Figure 2
figure 2

Alpha-beta diversity measurements of gut microbiota. (A) Rarefaction curve presenting the saturation level of sequencing in terms of observed species (B–E) Alpha diversity measurements in terms of observed species, Shannon, Simpson and Chao1 diversity indices. (F) Non-metric multidimensional scaling (NMDS) plot showing the clustering of samples based on Bray-Curtis dissimilarly of relative abundance. *Significant at α-level of 0.05. ***Significant at α-level of 0.001.

Differential abundance of microbial communities

At phylum level, Proteobacteria (87.7%) was the most dominant (p < 0.05) in the control group, followed by Tenericutes (11.12%) and Firmicutes (1.1%). While in the probiotic fed group, the relative abundance for Tenericutes (14.1%) and Bacteroidetes (1.2%) was significantly (p < 0.05) higher along with Actinobacteria, Planctomycetes and Verrucomicrobia (Fig. 3, Supplementary Table 1). Use of non-parametric t-test at 0.05 level of significance identified 9 genera including Lactobacillus that significantly were enriched in the probiotic fed marron. The other genera were AlphaI cluster, Luteolibacter, Paracocccus, Pir4 lineage, Pirellula, Reyranella, Planctomyces sp. SH-PL14 and Terrimicrobium (Fig. 4). Further analysis using LEfSe identified 17 taxa that were differentially expressed (p < 0.05) in two different groups. Among these, 10 including phyla Teniricutes, Firmicutes, class Bacilli, and genus Candidatus Hepatoplasma and Lactobacillus were significantly enriched in probiotic group while Proteobacteria (phylum) and Vibrio (genus) were the dominant bacteria in the control group (Fig. 5).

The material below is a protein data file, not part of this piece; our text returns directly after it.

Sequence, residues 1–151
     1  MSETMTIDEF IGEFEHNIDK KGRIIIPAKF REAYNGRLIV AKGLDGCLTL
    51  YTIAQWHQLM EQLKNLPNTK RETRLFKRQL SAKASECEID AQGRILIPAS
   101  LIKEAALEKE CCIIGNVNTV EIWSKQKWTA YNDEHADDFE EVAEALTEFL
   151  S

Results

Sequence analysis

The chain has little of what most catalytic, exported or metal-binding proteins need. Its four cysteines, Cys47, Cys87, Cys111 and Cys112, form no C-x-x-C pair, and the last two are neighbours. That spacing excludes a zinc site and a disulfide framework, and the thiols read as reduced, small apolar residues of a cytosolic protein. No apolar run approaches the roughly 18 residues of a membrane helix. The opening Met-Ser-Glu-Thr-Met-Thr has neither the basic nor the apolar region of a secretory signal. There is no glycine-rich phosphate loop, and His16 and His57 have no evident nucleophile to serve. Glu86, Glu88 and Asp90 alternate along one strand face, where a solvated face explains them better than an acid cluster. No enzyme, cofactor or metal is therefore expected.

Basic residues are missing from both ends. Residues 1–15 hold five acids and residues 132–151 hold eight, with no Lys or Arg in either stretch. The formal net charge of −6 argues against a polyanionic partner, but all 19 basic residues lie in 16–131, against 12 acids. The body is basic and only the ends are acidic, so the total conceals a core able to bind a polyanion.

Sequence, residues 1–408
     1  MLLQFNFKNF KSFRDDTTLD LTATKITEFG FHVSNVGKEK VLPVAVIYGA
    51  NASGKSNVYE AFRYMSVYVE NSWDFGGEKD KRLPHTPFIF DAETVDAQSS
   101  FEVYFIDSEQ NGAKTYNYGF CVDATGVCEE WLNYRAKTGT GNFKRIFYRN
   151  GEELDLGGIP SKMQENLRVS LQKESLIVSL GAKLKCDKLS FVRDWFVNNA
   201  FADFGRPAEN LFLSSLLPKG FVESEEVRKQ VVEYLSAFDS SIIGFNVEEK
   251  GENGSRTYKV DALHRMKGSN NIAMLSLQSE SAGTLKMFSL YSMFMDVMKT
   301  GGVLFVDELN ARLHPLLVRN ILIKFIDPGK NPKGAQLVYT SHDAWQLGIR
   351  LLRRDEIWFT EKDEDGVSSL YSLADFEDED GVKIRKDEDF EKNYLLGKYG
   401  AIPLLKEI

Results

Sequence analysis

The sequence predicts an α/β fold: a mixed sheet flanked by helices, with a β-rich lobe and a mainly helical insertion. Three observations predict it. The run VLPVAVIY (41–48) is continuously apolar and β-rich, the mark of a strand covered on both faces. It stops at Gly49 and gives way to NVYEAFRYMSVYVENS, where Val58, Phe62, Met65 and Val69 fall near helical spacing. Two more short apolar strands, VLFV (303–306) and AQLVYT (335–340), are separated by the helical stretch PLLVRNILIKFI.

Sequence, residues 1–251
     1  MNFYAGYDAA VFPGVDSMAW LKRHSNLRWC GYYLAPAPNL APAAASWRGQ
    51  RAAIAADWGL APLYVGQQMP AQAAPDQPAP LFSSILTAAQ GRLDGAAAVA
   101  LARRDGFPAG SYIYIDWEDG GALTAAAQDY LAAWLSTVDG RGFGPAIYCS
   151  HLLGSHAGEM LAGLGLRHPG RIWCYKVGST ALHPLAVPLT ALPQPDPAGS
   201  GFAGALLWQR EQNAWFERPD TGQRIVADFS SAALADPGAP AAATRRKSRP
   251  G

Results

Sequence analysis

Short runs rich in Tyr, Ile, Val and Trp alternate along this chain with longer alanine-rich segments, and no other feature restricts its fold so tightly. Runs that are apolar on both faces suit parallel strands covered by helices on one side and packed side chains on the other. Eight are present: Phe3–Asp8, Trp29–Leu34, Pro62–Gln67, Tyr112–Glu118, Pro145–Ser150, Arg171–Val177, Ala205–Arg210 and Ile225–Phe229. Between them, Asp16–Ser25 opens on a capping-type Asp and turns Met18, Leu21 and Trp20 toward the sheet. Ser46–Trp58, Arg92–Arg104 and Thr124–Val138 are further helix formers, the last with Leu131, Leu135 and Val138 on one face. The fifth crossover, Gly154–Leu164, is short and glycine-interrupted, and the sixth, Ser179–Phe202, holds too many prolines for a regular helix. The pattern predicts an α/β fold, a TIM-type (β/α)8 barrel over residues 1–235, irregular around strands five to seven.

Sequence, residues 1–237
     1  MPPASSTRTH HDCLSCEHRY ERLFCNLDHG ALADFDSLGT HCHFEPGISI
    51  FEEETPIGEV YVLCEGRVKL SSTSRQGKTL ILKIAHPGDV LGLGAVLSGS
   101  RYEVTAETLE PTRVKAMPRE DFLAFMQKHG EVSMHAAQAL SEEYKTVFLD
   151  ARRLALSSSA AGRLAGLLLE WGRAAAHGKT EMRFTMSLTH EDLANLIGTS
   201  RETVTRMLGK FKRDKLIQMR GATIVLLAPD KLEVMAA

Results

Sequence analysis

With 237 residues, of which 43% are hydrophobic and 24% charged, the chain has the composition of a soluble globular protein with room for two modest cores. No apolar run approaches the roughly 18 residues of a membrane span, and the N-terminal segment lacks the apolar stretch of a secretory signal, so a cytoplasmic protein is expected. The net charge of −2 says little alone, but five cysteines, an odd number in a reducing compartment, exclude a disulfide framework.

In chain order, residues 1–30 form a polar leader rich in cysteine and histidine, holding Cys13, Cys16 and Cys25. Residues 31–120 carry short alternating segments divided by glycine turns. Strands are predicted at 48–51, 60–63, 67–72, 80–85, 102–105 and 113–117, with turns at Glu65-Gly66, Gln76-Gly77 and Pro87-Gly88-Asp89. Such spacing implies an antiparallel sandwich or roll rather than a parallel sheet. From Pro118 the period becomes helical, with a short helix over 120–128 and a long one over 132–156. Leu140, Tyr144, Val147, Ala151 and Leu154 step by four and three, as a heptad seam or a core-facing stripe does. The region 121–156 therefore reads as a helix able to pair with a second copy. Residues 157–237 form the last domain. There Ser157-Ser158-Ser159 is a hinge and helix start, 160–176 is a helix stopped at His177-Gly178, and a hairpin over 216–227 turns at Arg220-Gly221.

Figure 3
figure 3

Differential abundance (p < 0.05) of bacterial communities in control and probiotic fed groups at phylum level.

Figure 4
figure 4

Differential abundance (p < 0.05) of bacterial communities in two different feeding groups at genus level.

Figure 5
figure 5

Cladogram representing the indicator bacteria at different taxa level in control and probiotic groups with LDA score ≥ 2.0 and at 0.05 level of significance.

Metabolic pathways and genes associated with immunity

The predicted metabolic pathways from 16S rRNA data using Piphillin and KEGG database showed that probiotics significantly influenced the enrichment of pathways related to amino sugar and nucleotide sugar metabolism, interleukin 17 signalling pathway and quorum sensing, whereas, glyoxylate and dicarboxylate metabolism was influenced in the absence of probiotics (Fig. 6A). The results of qRT-PCR from intestine tissue showed significant up-regulation of cytokine gene families (IL1β, IL8, IL10 and IL17F), proPO, and cytMnSOD in the probiotic fed marron. However, significant effects (p < 0.001) were observed for IL1β (3.8 fold), IL10 (9.2 fold) and IL17F (14.8 fold), followed by (p < 0.005) IL8 (6.5 fold) and proPO (4.6 fold), respectively. Significant (p < 0.05) upregulation was also observed for cytMnSOD (4.0 fold) while the expression level was static (p > 0.05) for TNF-α (1.7 fold), vg (1.8 fold), pcna (1.1 fold) and PcCTSL (1.4 fold) in the probiotic fed marron (Fig. 6B).